FAQ - HPV Vaccine
What is the HPV vaccine?
The vaccine used in Québec’s vaccination program protects against genital warts caused by HPV types 6 and 11, and against cervical lesions caused by types 16 and 18. The role of the vaccine is to produce protective antibodies against these four types of HPV. It cannot cause HPV infection. On the other hand, it does not provide protection against any other STI. There is another vaccine that provides protection against HPV types 16 and 18, but it is not offered at no charge.
Is the vaccine effective?
If a person is not infected with any of the virus types contained in the vaccine, protection against the types that cause cervical cancers is almost 100%, and protection against the types that cause genital warts is 99%. This is why vaccination is recommended before onset of sexual activity. However, a person can be vaccinated even after becoming sexually active because it is unlikely she will already be infected with all four types of HPV at the same time.
How many doses are needed?
- The vaccination program administered in Quebec schools consists of 2 doses in grade 4 elementary school, and a third dose in Secondary 3;
- Whether the person is an adolescent or an adult, 3 doses of vaccine administered over a period of 6 months is recommended.
How long does protection last?
Vaccine protection lasts for several years. Studies are underway throughout the world to assess long-term protection. If necessary, a booster dose will be administered later to maintain protection.
Who can get the vaccine for free?
In Quebec schools, the HPV vaccination program started in 2008. The vaccine is offered free of charge in school to all girls in grade 4 elementary school, and a second dose in Secondary 3 for the next five years. Parents have to sign and return the consent form to their children’s school.
Does the vaccine have any side effects?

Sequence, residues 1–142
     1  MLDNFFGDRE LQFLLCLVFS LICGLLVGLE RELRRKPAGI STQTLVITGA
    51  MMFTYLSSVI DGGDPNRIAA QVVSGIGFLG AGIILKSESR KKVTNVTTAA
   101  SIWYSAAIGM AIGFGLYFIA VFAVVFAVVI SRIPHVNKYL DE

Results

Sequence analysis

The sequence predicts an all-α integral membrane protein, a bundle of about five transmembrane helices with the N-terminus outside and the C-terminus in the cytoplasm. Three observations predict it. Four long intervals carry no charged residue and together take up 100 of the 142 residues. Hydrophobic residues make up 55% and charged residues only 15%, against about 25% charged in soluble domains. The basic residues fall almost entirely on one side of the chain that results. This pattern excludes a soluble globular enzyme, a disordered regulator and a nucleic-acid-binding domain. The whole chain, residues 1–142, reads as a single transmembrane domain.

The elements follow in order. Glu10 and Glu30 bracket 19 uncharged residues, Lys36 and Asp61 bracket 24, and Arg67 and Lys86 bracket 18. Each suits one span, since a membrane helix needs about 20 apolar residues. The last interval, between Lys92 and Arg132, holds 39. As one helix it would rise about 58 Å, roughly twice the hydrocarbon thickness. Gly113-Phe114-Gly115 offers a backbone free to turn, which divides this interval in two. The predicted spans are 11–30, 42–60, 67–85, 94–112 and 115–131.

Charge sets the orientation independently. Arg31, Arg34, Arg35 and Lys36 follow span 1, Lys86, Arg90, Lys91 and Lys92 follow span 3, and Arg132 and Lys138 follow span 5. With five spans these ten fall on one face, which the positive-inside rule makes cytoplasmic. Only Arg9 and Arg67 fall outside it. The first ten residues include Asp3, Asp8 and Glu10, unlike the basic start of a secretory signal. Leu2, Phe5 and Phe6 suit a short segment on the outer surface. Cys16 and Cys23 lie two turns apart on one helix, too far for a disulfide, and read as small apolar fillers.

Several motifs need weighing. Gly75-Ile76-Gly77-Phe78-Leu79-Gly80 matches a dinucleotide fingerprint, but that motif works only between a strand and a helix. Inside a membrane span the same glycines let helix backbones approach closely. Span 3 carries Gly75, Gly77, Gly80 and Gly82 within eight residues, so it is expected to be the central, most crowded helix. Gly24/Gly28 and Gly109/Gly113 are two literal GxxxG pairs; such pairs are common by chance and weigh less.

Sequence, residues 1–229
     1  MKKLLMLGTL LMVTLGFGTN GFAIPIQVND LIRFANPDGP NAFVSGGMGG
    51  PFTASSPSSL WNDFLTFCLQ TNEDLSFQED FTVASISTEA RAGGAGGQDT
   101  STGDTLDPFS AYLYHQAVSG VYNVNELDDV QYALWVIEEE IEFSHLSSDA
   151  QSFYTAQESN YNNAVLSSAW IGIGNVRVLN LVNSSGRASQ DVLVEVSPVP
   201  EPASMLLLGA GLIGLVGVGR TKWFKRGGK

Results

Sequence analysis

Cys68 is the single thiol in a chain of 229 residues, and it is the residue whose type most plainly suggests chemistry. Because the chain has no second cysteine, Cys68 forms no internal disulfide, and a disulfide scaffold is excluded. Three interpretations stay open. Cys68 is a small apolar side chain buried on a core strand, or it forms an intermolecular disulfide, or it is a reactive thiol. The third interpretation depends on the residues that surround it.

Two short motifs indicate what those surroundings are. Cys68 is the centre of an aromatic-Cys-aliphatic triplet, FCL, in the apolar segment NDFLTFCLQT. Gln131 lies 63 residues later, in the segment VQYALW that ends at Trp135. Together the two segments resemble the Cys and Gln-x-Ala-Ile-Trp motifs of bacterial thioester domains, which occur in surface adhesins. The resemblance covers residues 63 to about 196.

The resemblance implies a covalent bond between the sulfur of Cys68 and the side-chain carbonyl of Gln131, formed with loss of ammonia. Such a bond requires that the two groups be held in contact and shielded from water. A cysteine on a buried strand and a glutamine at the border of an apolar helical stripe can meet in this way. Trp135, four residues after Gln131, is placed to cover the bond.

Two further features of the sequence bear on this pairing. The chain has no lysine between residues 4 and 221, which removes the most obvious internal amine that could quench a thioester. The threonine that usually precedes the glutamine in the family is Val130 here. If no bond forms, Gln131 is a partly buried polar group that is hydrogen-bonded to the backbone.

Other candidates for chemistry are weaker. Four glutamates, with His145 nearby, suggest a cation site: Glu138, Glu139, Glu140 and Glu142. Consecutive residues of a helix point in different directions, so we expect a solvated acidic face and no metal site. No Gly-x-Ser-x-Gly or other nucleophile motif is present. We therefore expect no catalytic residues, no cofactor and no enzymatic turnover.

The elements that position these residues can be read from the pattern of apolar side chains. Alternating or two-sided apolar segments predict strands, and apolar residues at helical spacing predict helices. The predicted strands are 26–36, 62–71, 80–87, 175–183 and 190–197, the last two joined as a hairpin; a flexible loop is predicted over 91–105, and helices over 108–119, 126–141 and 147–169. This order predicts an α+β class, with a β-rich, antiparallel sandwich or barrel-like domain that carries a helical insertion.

HPV vaccine is safe. Administration of the vaccine causes few side effects. A local reaction at injection site (pain, redness, soreness or swelling) is the most common side effect. Other symptoms such as fever, headache, nausea, vomiting, insomnia, and joint pain may appear. Symptoms can be relieved by applying a cold wet compress to the injection site and taking acetaminophen or ibuprofen. Severe allergic reactions are very rare. If a severe allergic reaction were to occur, it would begin within minutes and the person administering the vaccine could treat it. This is why it is recommended to stay on site for at least 15 minutes after the vaccine is administered. Other, rarer reactions have been reported, but have not been proved to be caused by the vaccine.
Does the vaccine replace cervical cancer screening?
No. The vaccine does not protect against all cervical cancers. Screening (Pap test) is the only means of detecting abnormal cervical cells, which could later evolve into cervical cancer. A Pap test involves an examination of a woman’s internal sex organs. This examination is not required before becoming sexually active.
Why should young women get vaccinated?
- The vaccine is very effective at preventing cervical cancer and condylomas;
- Like most women, young women risk being exposed to HPV during their lifetime;
- The vaccine is more efficient when administered before becoming sexually active;
- Young women between the ages of 9 and 14 develop a great immune response to the vaccine.
Content adapted from Vaccination against human papilloma virus (HPV), What is HPV?, Quebec Health and Social Services Agency.